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Who Wins the Hornqvist-Matheson Trade?

Florida gets a battle-scarred vet, Pittsburgh takes a chance on a struggling defenseman.
Michael Matheson. Photo by Robert Mayer-USA TODAY Sports

Michael Matheson. Photo by Robert Mayer-USA TODAY Sports

The Pittsburgh Penguins have swung another deal, but will it pan out for the franchise? GM Jim Rutherford has never been afraid to move players and in his latest swap, he has sent veteran right winger Patric Hornqvist to the Florida Panthers in exchange for defenseman Michael Matheson and utility forward Colton Sceviour.

Rutherford has been attempting to extend Pittsburgh's Stanley Cup window as much as he can while all-world centers Sidney Crosby and Evgeni Malkin are still playing at an elite level, but the recent results have been diminishing returns: the Penguins were swept in the first round of the 2019 playoffs by the Islanders, then knocked out of the qualifying round this season by the lowly Habs.

Many of Rutherford's recent moves have involved trading away draft picks and young players, but this deal sees the veteran Hornqvist changing addresses.

In Hornqvist, the Panthers get a sturdy net-front presence who is very tough to battle against in the corners. The right winger has two Cup rings from his tenure in Pittsburgh, but he has battled injuries in recent years and hasn't played a full 82-game schedule since 2015-16.

If the hardened Swede can stay healthy, he'll bring a very nice dimension to Florida, where the Panthers already have ace producers such as Aleksander Barkov and Jonathan Huberdeau. Hornqvist's acquisition also makes it very hard to picture Florida re-signing pending unrestricted free agents Mike Hoffman and Evgenii Dadonov. It does, however, bring in some more internal competition for rookie hopefuls Grigori Denisenko and Owen Tippett. Hornqvist's contract runs for another three seasons with a cap hit of $5.3 million.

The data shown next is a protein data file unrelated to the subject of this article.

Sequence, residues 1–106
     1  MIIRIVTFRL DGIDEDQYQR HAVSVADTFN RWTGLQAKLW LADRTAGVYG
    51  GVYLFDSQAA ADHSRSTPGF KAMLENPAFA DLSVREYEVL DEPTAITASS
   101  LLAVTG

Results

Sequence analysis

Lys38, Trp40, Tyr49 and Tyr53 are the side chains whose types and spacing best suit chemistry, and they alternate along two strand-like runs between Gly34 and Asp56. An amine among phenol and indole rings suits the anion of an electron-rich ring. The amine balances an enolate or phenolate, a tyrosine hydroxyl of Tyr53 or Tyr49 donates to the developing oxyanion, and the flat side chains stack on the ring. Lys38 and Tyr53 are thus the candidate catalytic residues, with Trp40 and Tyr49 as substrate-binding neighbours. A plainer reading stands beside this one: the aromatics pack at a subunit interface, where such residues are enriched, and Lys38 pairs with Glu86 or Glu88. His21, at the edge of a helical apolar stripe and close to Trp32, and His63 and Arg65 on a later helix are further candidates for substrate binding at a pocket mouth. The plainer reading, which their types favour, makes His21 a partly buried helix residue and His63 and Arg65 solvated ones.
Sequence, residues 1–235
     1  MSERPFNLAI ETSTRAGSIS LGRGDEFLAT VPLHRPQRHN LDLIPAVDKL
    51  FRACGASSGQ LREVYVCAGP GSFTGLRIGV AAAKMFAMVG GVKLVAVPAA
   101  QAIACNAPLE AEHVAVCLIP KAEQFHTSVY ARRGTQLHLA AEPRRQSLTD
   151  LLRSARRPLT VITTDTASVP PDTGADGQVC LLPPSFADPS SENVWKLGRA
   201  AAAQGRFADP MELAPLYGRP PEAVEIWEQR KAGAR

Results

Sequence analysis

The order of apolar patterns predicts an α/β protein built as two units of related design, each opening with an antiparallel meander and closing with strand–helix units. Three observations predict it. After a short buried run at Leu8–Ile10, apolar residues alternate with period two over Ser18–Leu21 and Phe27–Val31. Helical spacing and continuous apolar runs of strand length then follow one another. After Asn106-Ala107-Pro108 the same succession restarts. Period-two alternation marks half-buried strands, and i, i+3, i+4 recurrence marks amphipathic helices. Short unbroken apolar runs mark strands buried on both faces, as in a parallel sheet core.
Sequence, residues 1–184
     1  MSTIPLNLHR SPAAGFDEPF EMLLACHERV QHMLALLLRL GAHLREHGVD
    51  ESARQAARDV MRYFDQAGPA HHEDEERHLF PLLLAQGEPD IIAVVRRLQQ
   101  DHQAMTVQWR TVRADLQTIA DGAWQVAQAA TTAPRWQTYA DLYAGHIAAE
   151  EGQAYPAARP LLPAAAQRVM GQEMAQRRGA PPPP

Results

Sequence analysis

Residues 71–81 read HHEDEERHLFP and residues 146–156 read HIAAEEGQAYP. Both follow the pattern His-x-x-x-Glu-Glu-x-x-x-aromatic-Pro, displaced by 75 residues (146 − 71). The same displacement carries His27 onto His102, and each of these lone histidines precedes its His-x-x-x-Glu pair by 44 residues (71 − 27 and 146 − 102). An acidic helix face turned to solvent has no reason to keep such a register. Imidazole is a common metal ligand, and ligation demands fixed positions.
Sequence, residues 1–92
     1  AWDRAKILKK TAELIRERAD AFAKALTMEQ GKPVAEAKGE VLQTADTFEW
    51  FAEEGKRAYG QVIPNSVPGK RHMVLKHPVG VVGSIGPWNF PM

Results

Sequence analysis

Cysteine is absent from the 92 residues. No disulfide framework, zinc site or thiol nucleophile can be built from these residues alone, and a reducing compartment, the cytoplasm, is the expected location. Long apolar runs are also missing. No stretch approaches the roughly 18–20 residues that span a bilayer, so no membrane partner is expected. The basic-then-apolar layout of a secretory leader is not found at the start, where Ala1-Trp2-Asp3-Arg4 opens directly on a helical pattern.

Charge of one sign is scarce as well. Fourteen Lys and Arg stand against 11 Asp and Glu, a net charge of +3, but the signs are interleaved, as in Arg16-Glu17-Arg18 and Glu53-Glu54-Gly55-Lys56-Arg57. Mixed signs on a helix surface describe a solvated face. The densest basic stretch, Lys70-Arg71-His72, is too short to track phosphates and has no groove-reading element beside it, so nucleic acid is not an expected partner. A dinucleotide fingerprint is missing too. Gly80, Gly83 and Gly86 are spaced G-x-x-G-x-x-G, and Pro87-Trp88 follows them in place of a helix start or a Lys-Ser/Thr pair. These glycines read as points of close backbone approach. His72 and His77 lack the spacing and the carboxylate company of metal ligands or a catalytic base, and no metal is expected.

"Patric brings a level of competition to our club," said GM Bill Zito. "He is a talented veteran presence who plays with an edge and we look forward to what he can add to our group."

This also marks the first trade made by Zito, who just recently took over as GM of the Panthers.

There is risk in the deal for Florida, but the Penguins have even more to lose. Matheson, the main cog on Pittsburgh's end, was a healthy scratch for half of Florida's four qualifying round games (a series lost to the Islanders) and averaged a little more than 13 minutes of ice time in the games he did play. Matheson wasn't trusted with any defensive zone faceoffs in those contests, yet still had some of the poorest possession numbers on the team. Turnovers were a problem as well.

Having said that, the hope in Pittsburgh is obviously that a change of scenery would do Matheson well. After all, he is a mobile puckmover with size who plays with an edge. The other caveat however is Matheson's contract: it runs until the summer of 2026 with a cap hit of nearly $4.9 million. For a Penguins team already in a tight spot cap-wise, he's not a bargain.

Pittsburgh currently has approximately $5 million in cap space and Rutherford still needs to sign RFA goalies Matt Murray and Tristan Jarry (or trade one) and either re-sign defenseman Justin Schultz or find his replacement. There have also been rumblings that star blueliner Kris Letang doesn't see himself being kept around, which would free up cap space - but blow a massive hole in the team's core.

In Sceviour, the Penguins get a defensive role player who can chip in on the penalty-kill but won't provide any offense. At the least, he has a very manageable $1.2 million cap hit with just one year left until unrestricted free agency.

All in all, there is risk in this trade for both franchises. Pittsburgh certainly has more to lose and if judging the deal on whether the Penguins look like a tougher playoff out now than they did yesterday, this is not a winner for them.



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